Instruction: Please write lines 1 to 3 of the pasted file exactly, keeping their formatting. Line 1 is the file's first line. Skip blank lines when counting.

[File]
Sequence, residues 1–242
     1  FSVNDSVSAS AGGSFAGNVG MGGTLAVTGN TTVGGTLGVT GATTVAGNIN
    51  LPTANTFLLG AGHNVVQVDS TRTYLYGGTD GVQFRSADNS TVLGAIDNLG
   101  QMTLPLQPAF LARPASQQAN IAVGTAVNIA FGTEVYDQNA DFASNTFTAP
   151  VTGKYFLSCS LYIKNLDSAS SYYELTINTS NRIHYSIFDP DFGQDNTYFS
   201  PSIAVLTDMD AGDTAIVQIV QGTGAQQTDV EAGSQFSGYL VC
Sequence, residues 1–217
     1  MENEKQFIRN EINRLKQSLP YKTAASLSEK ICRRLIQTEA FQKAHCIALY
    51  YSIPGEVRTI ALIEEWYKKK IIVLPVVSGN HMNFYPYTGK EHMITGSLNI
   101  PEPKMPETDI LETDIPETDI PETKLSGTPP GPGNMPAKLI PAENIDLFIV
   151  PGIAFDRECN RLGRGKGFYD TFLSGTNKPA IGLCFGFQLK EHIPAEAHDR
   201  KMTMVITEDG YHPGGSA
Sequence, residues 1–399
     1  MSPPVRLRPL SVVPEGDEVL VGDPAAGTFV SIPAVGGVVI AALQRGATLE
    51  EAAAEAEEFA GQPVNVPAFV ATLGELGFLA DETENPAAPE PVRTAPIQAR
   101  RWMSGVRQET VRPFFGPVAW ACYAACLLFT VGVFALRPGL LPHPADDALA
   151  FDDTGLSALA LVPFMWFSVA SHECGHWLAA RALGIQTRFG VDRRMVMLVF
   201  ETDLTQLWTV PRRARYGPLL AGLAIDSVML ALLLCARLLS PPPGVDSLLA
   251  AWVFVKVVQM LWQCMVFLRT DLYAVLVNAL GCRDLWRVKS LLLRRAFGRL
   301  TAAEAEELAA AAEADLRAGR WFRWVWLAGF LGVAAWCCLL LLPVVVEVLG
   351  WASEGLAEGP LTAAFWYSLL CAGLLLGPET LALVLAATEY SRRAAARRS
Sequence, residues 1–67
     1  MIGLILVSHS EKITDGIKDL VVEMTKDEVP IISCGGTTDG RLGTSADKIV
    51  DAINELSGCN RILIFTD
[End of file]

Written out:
Sequence, residues 1–242
     1  FSVNDSVSAS AGGSFAGNVG MGGTLAVTGN TTVGGTLGVT GATTVAGNIN
    51  LPTANTFLLG AGHNVVQVDS TRTYLYGGTD GVQFRSADNS TVLGAIDNLG